For years, I believed that writing was the epitome of linguistic and logical expression.
Writing is deliberated, controlled, improved upon before finally being read by the reader. This means that the articulator has ample opportunity to accurately convey their thoughts.
Speech on the other hand is real-time and confounded by mental noise. Speech information in its final form is at best a marginal improvement over the initial thought. Why? Because speech is temporally closer to the thought, and has therefore not undergone the refinement that exists in writing. Aside from occasional linguistic slips that give psychological insight into the speaker, speech is, by and large, further from the truth than writing is — or so I thought.
The time constraint only makes speech the inefficient form if the speaker has no great incentive to speak within the given time. Generally, in times of incredibly high strain when you have to get something done — when you truly believe that you have to do a thing as if your life depended on doing that thing — you just get the thing done. If this belief is artificially created, it still works. The prime example is sport. For good sportspeople, their sport is everything. When they play, they transform what we see as arbitrary stimuli — goals, scores, games — into life-or-death situations. To say that these stimuli are not life-or-death is wrong. The essentiality of the situation is a mental state, and so to the sportsperson, it is life-or-death. If the speaker feels such a life-or-death desire to speak efficiently, speech evolves into the superior form of expression.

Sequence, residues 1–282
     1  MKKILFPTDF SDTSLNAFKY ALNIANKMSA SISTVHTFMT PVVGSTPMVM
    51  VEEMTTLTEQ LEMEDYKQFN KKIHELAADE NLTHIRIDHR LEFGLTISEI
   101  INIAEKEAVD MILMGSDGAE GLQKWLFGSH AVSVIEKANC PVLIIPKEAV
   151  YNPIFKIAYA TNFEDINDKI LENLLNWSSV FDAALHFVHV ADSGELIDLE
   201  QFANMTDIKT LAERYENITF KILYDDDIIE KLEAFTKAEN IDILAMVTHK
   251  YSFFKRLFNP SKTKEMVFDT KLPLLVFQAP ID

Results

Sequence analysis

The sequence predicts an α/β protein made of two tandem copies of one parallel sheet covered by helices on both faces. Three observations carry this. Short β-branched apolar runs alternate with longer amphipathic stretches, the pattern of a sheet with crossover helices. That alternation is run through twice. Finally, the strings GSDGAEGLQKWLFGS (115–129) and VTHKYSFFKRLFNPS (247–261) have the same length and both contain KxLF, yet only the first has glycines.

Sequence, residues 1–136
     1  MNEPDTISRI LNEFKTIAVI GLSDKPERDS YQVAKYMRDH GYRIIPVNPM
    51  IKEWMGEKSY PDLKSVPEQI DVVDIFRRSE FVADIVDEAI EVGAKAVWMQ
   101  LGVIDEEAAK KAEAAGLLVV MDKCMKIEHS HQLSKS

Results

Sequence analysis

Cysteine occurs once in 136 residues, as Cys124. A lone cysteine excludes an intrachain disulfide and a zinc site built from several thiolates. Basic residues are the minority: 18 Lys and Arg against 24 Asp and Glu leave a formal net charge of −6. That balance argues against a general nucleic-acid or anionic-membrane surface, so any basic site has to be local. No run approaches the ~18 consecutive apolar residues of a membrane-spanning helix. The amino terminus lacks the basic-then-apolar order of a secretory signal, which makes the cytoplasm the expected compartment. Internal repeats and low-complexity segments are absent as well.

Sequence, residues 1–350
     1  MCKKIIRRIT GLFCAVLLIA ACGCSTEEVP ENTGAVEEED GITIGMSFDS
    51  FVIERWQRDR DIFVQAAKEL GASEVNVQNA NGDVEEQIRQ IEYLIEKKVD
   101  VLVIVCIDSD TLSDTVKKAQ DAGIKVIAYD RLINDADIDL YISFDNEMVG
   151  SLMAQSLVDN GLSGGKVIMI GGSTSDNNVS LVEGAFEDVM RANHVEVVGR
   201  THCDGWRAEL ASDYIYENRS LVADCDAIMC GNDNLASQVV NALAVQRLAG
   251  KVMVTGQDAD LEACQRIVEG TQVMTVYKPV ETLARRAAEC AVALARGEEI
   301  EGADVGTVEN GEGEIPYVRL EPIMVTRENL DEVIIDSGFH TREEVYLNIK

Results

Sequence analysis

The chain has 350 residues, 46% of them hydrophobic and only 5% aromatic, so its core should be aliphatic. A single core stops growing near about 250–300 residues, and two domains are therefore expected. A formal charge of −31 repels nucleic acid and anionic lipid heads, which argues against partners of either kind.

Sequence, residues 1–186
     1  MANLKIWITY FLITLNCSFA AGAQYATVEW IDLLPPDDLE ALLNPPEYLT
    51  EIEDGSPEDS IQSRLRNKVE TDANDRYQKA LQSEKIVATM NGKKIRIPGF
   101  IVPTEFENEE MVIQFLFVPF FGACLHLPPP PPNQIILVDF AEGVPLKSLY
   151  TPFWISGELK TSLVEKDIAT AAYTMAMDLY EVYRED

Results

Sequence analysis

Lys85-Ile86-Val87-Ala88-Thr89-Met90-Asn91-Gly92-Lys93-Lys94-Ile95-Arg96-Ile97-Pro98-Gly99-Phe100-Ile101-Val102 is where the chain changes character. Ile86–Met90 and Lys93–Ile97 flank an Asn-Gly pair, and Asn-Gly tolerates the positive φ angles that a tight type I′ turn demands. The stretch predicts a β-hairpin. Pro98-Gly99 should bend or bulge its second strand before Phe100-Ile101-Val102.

Such a feeling for speech is simple to instill: Turn speech into a sport. Debate does this.
The type of debate I’m specifically talking about is British parliamentary debate, where you’re given 15 minutes to deliberate on a motion before speaking on it. Your stance on the motion is assigned by the moderator. Being forced to uphold values and logic that you don’t agree with is like being forced to play football for a team you don’t support. The mental openness that it takes to understand the logic of a side you don’t necessarily agree with, the deftness of thought needed to deconstruct the logic in time, the verbal ability needed to convert the logic into words in time, and the emotional awareness needed to master the delivery of the words in time together make debate a crazy form of mental acrobatics.
Debate’s use of the voice, face, and body as articulators, along with its time constraint, allow it to do something that writing has never managed to do: Turn language and logic into a sport.
Writers need to know how to play this sport, and apply its rules to their writing. Parliamentary debate forces you to establish a logic for your claims and walk through the logic incrementally, carefully, cautiously. Lapses in logic are too common in everyday writing. And although one could argue that such lapses are more evident and thus more scrutinizable in writing owing to the fact that writing is a recorded medium, I would argue that the lack of immediate repudiation in writing, generally speaking, outweighs the higher visibility of the lapses. The lack of immediate repudiation means that there’s no driving force for writers to improve their logic. This means many writers with incredible ideas don’t manage to sound convincing to their readers and thus don’t get their points across.
I’ve been guilty of such lapses myself. Debate has made me more aware of them, and I think it can do the same for all writers. So, to all writers: Stop writing for a week, and start speaking instead.